The Mother Of Christ by Father Vassall-Phillips Part 3

Presentation of the Blessed Virgin as a child in the Temple - Limbourg Brothers, Miniature from Les Très Riches Heures du duc de Berry, c. 1415.
There is, however, one fact in our Lady's early life of which, though it is not recorded in the authentic Gospels, we may be certain, since it is commemorated in the Church's Liturgy.

The Festival of the Presentation of the Blessed Virgin as a child in the Temple—of comparatively recent introduction in the West—was observed from a very early age throughout the Christian East. The ancient tradition tells us that Joachim and Anne introduced Mary at the age of three to the Temple and left her there to be dedicated in a special manner to the Lord.

I will translate the short passage from St. John Damascene read at Matins on the Feast:

"Joachim was united in matrimony to the chosen Anne, a woman worthy of the highest praise. Now, even as Anna of the Old Testament, when she was stricken with barrenness, gave birth to Samuel as the fruit of Prayer and Promise, in like manner the second Anna received from God the Mother of God promised to her entreaties, so that in fruitfulness she had not to yield to any of the illustrious matrons who had gone before her. Thus Grace (for this is the meaning of the word Anna) is mother of the Lady (for this is the signification of the name of Mary), who in truth was made the Lady over all created things when she became the Mother of the Creator.

"The Holy Virgin first saw the light in Joachim's house hard by the Probatica (in domo probaticae Joachim) [ Cf. P . 3.] and was brought to the Temple. There, having been planted in the House of God, and nourished by the Spirit, she was made like a fruitful olive-tree, the dwelling place of all virtues—as one who had withdrawn her mind from every desire of this life and of the flesh, and had thus preserved virginity both of soul and body—as beseemed her who was to receive God in her womb." (De Fide Orthodoxa, iv. 15.)

On this subject St. Gregory of Nyssa writes:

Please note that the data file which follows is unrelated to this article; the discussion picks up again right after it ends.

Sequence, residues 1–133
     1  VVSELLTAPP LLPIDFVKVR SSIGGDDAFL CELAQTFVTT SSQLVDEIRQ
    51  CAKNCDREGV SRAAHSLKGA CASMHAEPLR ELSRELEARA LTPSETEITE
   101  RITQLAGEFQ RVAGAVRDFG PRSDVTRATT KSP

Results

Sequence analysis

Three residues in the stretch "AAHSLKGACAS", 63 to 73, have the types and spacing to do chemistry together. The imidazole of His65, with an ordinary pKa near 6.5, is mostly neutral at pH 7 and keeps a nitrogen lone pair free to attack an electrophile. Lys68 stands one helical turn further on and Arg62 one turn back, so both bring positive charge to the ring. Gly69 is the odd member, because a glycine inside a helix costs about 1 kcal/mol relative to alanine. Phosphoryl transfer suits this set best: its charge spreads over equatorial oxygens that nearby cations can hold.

"As soon as Mary was grown to be a little maid who no longer needed her mother's breast, holy Anne, taking her to the Temple, restored her to God." (Orat. in Nat. D. N. J. C.)

And St. Theodotus of Ancyra:

"A Virgin was chosen who, when yet unborn, was consecrated to God her Maker, and, when born, was offered up as the memorial of a grateful heart to abide in His sanctuary and Temple." (Hom. vi. ii in S. Deiparam et in Nativit. Dom.)

The learned Suarez proves that there was a place in the Temple at Jerusalem wherein maidens, consecrated to God, dwelt apart, and that in this house of virgins our Lady lived until her espousals to St. Joseph. (Pars iii. 2, 29, Art 2, Disp. 7.)

St. Ephrem expresses the tradition which he had received on this subject in Syria when he puts the following words into the mouth of the Blessed Virgin:

"Whilst I was yet a little child, the priests of the people brought me up in the holy Temple ; when I became a young girl they espoused me to the just Joseph." (Hymns on the B.V.M. xvi. 7 ; Lamy, vol. ii. p. 640.)

Both the Apocryphal Gospels and the Koran bear witness to the tradition of the Presentation in the Temple. With regard to the Apocryphal Gospels, it should be borne in mind that, though we should be careful not to accept any statement on the sole authority of these books (often tainted as heretical in their source), still, there is no doubt that in some respects they bear trustworthy witness to the Christian Tradition. Mr. Rodwell thinks that Muhammed had no direct access to these "Gospels," but derived the following passage in the Koran from " the ordinary traditions of South Syria " at the time (The Koran (Everyman's Library Edition), p. 389, Note i.) :

" Remember when the wife of Imram said: ' O my Lord ! I vow to Thee what is in my womb for Thy special service. Accept it from me, for Thou Hearest, Knowest.' And when she had given birth to it, she said : ' O ! my Lord, verily I have brought forth a female.' (God knew what she had brought forth; a male is not as a female.) (That is, a female child could not become a priest (Id. Note 2).) 'And I have named her Mary, and I take refuge with Thee for her and for her Offspring, from Satan the stoned.' (According to the Mohammedan tradition, Abraham drove Satan away with stones.) So with goodly acceptance did her Lord accept her and with goodly growth did He make her grow. Zacharias reared her [this was an old tradition]. So oft as Zacharias went in to Mary at the sanctuary, he found her supplied with food.

 (No importance should be attached to the story of our
Lady being fed miraculously by angels in the Temple, which
is to be found in the Apocryphal Gospels. I only quote it
here because it seems interesting to find it also in the Koran.)

 O Mary,' said he,  whence hast thou this?' She said: 'It is from God, for God supplieth whom He will, without reckoning.'" (2 Sura iii. The Family of Imram, 31-33.)

The holy child Mary, during her stay in the Temple, no doubt devoted herself, together with the other maidens who were her companions within its precincts, to such occupations as the making of tapestry and spinning, (In the Middle Ages the weavers claimed the right to place themselves and their craft in a special manner under the protection of our
Lady, in memory of her occupations, whilst living in the Temple.) the study of the Holy Scriptures of the Old Covenant, and prayer.